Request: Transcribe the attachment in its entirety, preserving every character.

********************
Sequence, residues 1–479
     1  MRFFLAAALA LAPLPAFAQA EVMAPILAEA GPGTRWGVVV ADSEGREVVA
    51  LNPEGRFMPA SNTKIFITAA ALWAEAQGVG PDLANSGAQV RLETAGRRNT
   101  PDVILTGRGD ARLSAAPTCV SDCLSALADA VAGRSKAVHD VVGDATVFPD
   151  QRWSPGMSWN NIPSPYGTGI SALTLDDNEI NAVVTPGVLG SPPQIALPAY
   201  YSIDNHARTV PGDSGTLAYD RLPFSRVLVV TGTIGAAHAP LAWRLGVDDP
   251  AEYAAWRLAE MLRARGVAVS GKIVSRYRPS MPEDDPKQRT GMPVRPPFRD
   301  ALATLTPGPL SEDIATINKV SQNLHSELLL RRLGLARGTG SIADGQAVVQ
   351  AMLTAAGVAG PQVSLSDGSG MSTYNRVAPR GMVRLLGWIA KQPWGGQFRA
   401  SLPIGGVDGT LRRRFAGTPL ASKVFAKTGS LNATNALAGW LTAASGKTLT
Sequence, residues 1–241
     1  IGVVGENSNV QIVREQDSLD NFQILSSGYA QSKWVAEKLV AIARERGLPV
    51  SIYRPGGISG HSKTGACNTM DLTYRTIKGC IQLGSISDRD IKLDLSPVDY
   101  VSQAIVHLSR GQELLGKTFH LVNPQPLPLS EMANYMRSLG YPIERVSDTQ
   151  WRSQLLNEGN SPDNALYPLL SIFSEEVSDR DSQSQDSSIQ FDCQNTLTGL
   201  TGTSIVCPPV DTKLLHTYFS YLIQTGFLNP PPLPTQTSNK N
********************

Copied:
Sequence, residues 1–479
     1  MRFFLAAALA LAPLPAFAQA EVMAPILAEA GPGTRWGVVV ADSEGREVVA
    51  LNPEGRFMPA SNTKIFITAA ALWAEAQGVG PDLANSGAQV RLETAGRRNT
   101  PDVILTGRGD ARLSAAPTCV SDCLSALADA VAGRSKAVHD VVGDATVFPD
   151  QRWSPGMSWN NIPSPYGTGI SALTLDDNEI NAVVTPGVLG SPPQIALPAY
   201  YSIDNHARTV PGDSGTLAYD RLPFSRVLVV TGTIGAAHAP LAWRLGVDDP
   251  AEYAAWRLAE MLRARGVAVS GKIVSRYRPS MPEDDPKQRT GMPVRPPFRD
   301  ALATLTPGPL SEDIATINKV SQNLHSELLL RRLGLARGTG SIADGQAVVQ
   351  AMLTAAGVAG PQVSLSDGSG MSTYNRVAPR GMVRLLGWIA KQPWGGQFRA
   401  SLPIGGVDGT LRRRFAGTPL ASKVFAKTGS LNATNALAGW LTAASGKTLT
Sequence, residues 1–241
     1  IGVVGENSNV QIVREQDSLD NFQILSSGYA QSKWVAEKLV AIARERGLPV
    51  SIYRPGGISG HSKTGACNTM DLTYRTIKGC IQLGSISDRD IKLDLSPVDY
   101  VSQAIVHLSR GQELLGKTFH LVNPQPLPLS EMANYMRSLG YPIERVSDTQ
   151  WRSQLLNEGN SPDNALYPLL SIFSEEVSDR DSQSQDSSIQ FDCQNTLTGL
   201  TGTSIVCPPV DTKLLHTYFS YLIQTGFLNP PPLPTQTSNK N